while this was difficult for me at first, i began to understand his new-found attachment to items like Gus the monkey was just another sign of his independence, which had permeated every single part of his daily life and his daily activities since he took off walking – our boy has always been very independent. his trust in his own way of doing things was finally taking root in his sleeping habits, too. this made me feel proud, and helped me to feel, again, like we were doing something right with this whole family bed thing, because we waited until he was ready to transition out of our bed.


to put it more simply: i am convinced that waiting until L was ready to be on his own is what made me ready, too.

i feel so blessed to have had the opportunity to cosleep with L for so long, and to have a husband who, despite his extremely valid concerns for his own capacity for restful sleep, was consistently supportive of my need to be close to our child, both while nursing and after i started my “big-girl job.”

fast-forward to today: after just a short period of time, L’s transition has been quite painless. sure, we have had a few setbacks, particularly a spring storm that stirred up some loud and quite robust winds, but nothing can take away L’s pride in himself when he wakes up in the morning and says “Lionel’s bed!” as we pick him up out of his crib.


one last thing: would i do it all again? knowing all i do, would i cosleep with L, or a future child, again? in my heart, i know the answer is yes, because for me, the benefits far outweighed the struggles. Jord might have a different answer, however, so i anticipate more and more discussions, should we ever find ourselves in that situation again. :)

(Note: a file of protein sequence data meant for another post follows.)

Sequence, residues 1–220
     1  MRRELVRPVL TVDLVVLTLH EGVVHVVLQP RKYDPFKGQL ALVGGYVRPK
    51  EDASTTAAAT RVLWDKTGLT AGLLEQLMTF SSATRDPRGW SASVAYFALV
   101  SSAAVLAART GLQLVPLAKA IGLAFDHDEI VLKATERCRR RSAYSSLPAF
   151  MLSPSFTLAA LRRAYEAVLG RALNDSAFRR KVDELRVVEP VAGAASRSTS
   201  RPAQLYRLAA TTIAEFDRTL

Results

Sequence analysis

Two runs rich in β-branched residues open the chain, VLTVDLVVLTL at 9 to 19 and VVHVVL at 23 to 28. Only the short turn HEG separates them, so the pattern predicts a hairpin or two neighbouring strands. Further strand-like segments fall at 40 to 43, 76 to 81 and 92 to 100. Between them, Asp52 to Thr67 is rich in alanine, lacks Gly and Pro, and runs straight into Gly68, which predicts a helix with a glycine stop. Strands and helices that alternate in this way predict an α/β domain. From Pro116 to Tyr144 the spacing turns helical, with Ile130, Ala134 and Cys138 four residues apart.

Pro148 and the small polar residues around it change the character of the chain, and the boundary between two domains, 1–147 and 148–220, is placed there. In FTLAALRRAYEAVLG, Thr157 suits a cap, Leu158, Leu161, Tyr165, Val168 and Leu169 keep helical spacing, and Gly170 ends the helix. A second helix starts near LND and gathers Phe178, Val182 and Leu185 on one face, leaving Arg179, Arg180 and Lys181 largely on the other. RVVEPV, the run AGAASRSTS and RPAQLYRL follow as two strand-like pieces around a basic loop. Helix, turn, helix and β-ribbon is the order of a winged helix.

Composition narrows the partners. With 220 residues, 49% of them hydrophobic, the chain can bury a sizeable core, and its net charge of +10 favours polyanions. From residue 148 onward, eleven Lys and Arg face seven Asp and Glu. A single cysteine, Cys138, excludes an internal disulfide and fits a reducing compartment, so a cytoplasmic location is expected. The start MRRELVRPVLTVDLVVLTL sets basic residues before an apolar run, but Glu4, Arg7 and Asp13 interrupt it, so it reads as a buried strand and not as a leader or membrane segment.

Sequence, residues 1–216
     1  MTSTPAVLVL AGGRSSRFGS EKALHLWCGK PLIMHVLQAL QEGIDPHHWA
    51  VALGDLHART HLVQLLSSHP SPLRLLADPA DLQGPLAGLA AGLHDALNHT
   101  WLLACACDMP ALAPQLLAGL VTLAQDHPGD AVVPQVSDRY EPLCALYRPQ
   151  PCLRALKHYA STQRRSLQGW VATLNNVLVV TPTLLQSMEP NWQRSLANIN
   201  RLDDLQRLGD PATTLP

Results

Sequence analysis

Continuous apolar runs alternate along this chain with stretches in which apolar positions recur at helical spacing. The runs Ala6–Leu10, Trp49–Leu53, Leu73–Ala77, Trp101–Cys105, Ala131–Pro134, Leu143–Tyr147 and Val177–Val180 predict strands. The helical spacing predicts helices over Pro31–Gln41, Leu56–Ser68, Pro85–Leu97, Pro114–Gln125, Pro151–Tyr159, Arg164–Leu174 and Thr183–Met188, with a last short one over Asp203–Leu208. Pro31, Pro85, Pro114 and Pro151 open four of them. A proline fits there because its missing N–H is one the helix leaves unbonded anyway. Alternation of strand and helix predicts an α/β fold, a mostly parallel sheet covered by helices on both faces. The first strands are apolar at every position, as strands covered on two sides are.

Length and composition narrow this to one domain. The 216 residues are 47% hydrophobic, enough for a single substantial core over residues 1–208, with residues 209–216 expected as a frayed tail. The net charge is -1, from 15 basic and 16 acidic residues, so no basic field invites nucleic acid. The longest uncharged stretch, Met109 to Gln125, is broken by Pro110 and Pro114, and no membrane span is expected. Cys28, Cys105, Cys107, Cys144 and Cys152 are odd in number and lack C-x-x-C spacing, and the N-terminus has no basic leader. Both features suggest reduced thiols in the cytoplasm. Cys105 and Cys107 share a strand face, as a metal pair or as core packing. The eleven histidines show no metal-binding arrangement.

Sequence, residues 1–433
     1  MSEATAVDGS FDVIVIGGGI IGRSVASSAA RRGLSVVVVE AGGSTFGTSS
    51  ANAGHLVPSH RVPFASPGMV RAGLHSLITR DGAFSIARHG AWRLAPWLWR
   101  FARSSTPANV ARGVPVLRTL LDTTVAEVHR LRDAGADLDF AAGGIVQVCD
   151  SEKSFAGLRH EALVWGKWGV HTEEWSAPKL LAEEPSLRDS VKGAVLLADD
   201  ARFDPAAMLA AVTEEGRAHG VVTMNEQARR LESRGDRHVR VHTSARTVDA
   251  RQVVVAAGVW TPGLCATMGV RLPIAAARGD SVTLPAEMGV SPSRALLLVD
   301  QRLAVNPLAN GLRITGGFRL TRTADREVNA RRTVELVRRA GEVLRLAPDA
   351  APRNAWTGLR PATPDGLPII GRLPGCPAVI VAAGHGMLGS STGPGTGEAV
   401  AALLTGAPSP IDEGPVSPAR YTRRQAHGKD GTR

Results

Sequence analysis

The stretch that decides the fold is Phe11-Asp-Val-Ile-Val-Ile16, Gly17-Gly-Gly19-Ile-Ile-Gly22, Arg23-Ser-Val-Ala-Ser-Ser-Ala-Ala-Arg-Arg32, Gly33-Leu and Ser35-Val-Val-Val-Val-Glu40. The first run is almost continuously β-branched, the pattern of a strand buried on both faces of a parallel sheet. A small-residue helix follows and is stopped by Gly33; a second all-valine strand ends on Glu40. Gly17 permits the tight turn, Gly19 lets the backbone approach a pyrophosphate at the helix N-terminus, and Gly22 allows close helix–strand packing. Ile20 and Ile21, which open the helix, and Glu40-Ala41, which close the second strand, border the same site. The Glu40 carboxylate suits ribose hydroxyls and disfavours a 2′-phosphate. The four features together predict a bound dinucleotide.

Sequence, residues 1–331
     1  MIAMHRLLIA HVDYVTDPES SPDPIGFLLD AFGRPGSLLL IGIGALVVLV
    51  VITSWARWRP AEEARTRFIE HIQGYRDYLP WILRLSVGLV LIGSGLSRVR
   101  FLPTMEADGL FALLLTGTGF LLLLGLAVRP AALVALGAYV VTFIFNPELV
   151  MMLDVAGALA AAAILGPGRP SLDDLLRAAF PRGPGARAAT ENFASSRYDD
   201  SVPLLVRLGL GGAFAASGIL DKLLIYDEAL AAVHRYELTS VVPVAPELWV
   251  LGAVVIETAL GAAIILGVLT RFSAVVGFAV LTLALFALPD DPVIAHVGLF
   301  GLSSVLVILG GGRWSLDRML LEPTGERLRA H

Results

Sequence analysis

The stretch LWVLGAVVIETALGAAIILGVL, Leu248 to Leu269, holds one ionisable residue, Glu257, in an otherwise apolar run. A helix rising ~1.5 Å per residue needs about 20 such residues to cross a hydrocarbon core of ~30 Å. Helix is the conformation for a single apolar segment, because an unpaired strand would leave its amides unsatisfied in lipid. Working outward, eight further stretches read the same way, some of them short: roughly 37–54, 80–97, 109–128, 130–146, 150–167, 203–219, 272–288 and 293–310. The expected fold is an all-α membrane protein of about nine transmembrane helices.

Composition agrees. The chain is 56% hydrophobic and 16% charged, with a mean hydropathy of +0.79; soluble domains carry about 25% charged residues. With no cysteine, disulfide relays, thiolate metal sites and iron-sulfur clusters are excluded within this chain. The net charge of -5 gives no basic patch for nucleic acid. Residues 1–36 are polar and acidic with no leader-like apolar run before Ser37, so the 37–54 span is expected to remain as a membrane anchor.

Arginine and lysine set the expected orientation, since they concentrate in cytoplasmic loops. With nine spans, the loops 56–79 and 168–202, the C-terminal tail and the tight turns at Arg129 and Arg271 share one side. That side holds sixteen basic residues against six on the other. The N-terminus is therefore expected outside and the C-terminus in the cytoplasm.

have you ever coslept or bed-shared with your children? do you think you will? why or why not? did you have a difficult transition from a family bed to a crib/bed?

pssst: earlier in march, our family watched our nephew, Jaxsen, who is four months older than L, for a few days. Jaxsen is a devoted crib sleeper and goes to bed without a fuss, so we’re wondering if watching Jaxsen go to bed “like a big boy” (which is how we phrased it) influenced L to make his own transition. do you think there’s any truth to this idea?

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  • I love this post because it reminds me of when my 4 and 7 yr olds were crib training. My four year old only co-slept for a few months and became an independent sleeper quickly. My seven yr old is a whole different story. He still comes down in the middle of the night sometimes and gets in bed with us. At this point I’m picturing him as a 6 ft tall 16 yr old climbing in bed with us!

    L is such a beautiful boy, and it was a pleasure to get to know you over the weekend.:)

  • what a (could’ve-been-tough) transition that you guys handled gracefully. Glad L (and you) are adjusting well!

  • Mandy, thanks so much for stopping by! I’m wondering what our next little one will do…

  • Thanks lady! Mamas like you definitely provided me with much-needed support in the crazy days of co-sleeping – thanks for that!